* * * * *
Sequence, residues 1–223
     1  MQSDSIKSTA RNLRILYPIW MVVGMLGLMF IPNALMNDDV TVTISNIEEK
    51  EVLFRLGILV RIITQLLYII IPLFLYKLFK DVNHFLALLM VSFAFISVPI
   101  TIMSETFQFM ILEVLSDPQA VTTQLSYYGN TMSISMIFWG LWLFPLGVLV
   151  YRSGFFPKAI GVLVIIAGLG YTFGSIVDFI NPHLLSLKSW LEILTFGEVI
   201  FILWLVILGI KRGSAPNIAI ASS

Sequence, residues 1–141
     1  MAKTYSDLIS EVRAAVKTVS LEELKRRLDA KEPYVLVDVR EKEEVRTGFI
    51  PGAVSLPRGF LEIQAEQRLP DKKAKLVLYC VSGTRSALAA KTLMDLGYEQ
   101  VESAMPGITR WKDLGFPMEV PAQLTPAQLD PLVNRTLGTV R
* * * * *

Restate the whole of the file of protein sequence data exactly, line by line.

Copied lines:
Sequence, residues 1–223
     1  MQSDSIKSTA RNLRILYPIW MVVGMLGLMF IPNALMNDDV TVTISNIEEK
    51  EVLFRLGILV RIITQLLYII IPLFLYKLFK DVNHFLALLM VSFAFISVPI
   101  TIMSETFQFM ILEVLSDPQA VTTQLSYYGN TMSISMIFWG LWLFPLGVLV
   151  YRSGFFPKAI GVLVIIAGLG YTFGSIVDFI NPHLLSLKSW LEILTFGEVI
   201  FILWLVILGI KRGSAPNIAI ASS

Sequence, residues 1–141
     1  MAKTYSDLIS EVRAAVKTVS LEELKRRLDA KEPYVLVDVR EKEEVRTGFI
    51  PGAVSLPRGF LEIQAEQRLP DKKAKLVLYC VSGTRSALAA KTLMDLGYEQ
   101  VESAMPGITR WKDLGFPMEV PAQLTPAQLD PLVNRTLGTV R